No, this is not an April Fool's joke.
Many people are shocked to learn that there is no legal obligation for police to show up when you call 911, that the cops have no duty to protect you. I must admit that I've heard so many stories of police misbehavior and dereliction of duty that I find their surprise naive.
But even I was shocked to learn that cops can sue you for calling 911.
Kemal Yazar has an obvious mental health breakdown. His wife Marlene called 911. A paramedic arrives, but backs off when Yazar chucks a Bible at him. Deputy Brady Pullen and another deputy arrive. There is a struggle, and Yazar is shot and killed.
That shooting may or may not have been necessary, but what's clearly unnecessary is Pullen's lawsuit against Yazar's survivors.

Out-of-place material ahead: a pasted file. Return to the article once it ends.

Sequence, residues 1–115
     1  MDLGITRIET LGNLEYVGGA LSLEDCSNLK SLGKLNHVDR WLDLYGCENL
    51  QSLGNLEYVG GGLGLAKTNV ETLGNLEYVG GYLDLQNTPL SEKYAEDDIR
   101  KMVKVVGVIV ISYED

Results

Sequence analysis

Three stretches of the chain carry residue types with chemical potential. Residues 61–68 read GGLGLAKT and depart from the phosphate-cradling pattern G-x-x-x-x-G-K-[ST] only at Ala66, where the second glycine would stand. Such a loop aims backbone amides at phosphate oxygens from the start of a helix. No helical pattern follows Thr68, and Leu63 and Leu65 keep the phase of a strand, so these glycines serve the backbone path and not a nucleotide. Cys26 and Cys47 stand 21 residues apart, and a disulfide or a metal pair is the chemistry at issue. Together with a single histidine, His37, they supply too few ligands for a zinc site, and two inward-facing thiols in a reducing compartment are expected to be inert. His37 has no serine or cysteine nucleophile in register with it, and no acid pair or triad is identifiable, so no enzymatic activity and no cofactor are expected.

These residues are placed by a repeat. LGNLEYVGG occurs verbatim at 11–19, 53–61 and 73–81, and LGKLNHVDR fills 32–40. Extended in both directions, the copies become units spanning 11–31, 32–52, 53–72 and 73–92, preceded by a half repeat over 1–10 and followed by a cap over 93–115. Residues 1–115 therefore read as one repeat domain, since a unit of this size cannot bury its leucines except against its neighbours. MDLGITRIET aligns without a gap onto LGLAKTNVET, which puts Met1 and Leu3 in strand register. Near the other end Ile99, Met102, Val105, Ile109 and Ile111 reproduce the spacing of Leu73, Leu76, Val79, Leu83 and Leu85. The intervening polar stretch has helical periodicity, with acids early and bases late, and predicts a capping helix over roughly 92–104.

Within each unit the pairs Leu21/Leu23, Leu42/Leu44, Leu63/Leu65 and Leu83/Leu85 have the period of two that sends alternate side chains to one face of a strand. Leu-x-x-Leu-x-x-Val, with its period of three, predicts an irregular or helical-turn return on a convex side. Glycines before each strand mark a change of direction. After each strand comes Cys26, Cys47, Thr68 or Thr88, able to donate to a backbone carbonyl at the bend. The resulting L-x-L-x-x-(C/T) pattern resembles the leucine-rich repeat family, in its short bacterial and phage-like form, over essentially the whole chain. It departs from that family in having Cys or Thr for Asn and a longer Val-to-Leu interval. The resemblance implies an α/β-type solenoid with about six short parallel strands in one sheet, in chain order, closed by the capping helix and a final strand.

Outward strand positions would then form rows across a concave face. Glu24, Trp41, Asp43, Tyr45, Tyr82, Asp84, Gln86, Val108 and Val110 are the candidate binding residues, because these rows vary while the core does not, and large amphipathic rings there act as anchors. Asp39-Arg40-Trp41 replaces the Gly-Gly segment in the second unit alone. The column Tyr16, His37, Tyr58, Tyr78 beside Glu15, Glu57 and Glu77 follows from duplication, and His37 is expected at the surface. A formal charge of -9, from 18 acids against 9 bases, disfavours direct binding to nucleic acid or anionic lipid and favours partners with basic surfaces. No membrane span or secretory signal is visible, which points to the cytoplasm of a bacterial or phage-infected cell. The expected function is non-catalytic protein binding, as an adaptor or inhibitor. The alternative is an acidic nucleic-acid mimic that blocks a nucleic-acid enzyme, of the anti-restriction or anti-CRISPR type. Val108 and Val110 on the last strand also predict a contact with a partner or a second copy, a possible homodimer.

One of the deputies who was sent to protect the family decided to serve them instead - with a lawsuit.
Pullen, who according to an investigator's report, suffered "superficial wounds" during the incident, accused family members of "negligence and recklessness" for not fully warning him of the "violent threat" Kemal posed.
Pullen says he suffered a broken nose, needed surgery that required him to miss work, and had a concussion which affected his memory of the events. The deputy is seeking at least $100,000 in damages, including medical expenses, mental anguish, pain and suffering and loss of past earning capacity. The first hearing in the case is set for April 14 in Judge Patricia Kerrigan's court.